The film is preferably integrated with sheet material having properties usually found in fibrous cellulosic material yor paper, i.e., flexibility and tendency t absorb resins applied thereto. Although paper in the common or usual sense means a material made from such sources as wood, rag, or bagasse (sugar cane), a broader interpretation of the term paper is intended herein, the term being understood to include such kindred materials as artificial and natural textile :bers which are matted and woven. Also included in the term paper are composite structures made by laminating such paper or paper-like compositions to other sheets such as plastic films, metal foil and the like which may be relied upon to offer an attractive appearance either through an applied design or the appearance 'of the material itself. As a rule, the paper backing sheet for use in combination with .the backing film will be one capable of being printed and will range in weight from 8-90 lbs., preferably about 45 lbs. (basis 24 X 36-5G0=3,000 sq. ft); various kinds of paper that can be used are: papers made from `chemical pulps including sulphate papers, sulphite paper, sulphate-sulphite combination papers, soda pulp papers, these various papers being either uncoated or coated on one or both sides with Va coating comprising clay, titanium dioxide, and binder; chemical pulp or chemical pulp and groundwood combinations, coated or uncoated, which have been calendered or supercalendered such as publishing papers, glassine, supercalendered sulphite papers, machine nish sul-phite-sulphate papers, and machine finish and machine glazed sulphite-sulphate papers, and other materials such as cellulosic iilrns including cellophane and cellulose `acetate, -foil and the like. Preferably the paper backing is embossed so 'as to provide a roughened surface which will facilitate gripping of the paper-backed article. The paper backing also has an outline substantially coextensive with the free plastic lm and the mass of metal wool, and as indicated, this outline may be oval, rectangular, round, or some other suitable shape. v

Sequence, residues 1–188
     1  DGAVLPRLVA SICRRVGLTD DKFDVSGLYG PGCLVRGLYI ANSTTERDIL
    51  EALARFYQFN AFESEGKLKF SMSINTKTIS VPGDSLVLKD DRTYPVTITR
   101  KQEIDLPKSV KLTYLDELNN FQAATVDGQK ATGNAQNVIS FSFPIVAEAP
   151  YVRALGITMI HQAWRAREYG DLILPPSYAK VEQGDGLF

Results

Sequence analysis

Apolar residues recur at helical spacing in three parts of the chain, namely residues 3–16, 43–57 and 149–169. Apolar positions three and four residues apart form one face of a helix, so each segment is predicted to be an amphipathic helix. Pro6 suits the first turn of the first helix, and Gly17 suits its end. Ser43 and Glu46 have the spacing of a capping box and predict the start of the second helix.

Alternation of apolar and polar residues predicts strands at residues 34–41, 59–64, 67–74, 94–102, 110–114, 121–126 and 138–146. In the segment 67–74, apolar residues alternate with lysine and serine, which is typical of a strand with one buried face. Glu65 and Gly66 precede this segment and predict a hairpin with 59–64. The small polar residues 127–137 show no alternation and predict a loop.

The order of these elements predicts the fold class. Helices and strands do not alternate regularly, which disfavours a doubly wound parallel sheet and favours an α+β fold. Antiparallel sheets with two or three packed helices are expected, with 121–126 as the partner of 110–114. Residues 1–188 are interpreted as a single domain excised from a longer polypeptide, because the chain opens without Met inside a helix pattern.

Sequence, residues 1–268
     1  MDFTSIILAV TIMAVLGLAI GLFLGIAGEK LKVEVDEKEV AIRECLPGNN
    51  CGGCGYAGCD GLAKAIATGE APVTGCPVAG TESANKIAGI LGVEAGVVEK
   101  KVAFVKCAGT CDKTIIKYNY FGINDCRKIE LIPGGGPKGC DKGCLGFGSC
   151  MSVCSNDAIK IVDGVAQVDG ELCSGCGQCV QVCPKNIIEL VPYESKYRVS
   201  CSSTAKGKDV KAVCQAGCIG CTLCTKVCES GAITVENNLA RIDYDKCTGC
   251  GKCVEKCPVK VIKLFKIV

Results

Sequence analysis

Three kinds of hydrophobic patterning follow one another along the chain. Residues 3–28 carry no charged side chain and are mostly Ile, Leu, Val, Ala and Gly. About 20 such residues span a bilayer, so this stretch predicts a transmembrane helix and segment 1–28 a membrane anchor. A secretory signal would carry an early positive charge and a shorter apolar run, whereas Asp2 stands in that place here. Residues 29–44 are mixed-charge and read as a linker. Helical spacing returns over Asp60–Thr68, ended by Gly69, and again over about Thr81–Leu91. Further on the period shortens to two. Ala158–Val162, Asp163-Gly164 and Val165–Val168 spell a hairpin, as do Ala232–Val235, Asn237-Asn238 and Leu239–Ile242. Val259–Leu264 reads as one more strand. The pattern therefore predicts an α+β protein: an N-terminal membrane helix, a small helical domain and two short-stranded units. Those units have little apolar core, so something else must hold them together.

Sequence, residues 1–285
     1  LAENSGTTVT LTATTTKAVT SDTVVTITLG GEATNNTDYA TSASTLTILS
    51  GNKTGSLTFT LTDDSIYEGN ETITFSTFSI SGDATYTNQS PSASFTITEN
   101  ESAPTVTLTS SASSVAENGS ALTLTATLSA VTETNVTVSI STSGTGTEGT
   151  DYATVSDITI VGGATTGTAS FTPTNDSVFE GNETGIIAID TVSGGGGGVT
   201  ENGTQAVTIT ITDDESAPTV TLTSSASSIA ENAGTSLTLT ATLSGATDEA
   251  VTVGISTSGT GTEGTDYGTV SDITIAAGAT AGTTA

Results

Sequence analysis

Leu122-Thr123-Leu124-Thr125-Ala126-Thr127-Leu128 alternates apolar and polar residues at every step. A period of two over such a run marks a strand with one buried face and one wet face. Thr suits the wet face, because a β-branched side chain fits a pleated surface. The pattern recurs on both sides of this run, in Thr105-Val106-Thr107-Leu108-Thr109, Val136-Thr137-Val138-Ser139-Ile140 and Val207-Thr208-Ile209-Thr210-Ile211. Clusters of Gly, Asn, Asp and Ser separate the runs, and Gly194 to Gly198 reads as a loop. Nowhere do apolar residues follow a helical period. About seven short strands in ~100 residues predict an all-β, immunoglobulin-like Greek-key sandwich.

ln accordance with a` preferred practice of this invention an uncoated sheet of paper is laminated to a body of matted metal wool filaments through the intermediation of an interposed ply of heat activatable thermoplastic adhesive. In the resulting structure, such ply, upon liquerfaction and migration, combines with the paper to form the backing for the structure. Preferably, the interposed ply of plastic is suitably anchored on part of its surface to the backing paper, as -will be explained in detail hereinafter, to insure proper registry of the backing paper to the body of metal wool and the interposed ply. When the paper backing sheet, the metal wool laments and said ply are in position opposite one another, pressure and heat are employed to activate the plastic ply in order that successive loops of each of a plurality of metal filaments Will have fused plastic therearound. The resulting structure, throughout its formation, is characterized by uniformity of placement of the backing due to the freedom from curling of the backing sheet. Furtherpapers made from r more, for a given `weight of plastic, an improved bond is lobtained with the metal filaments.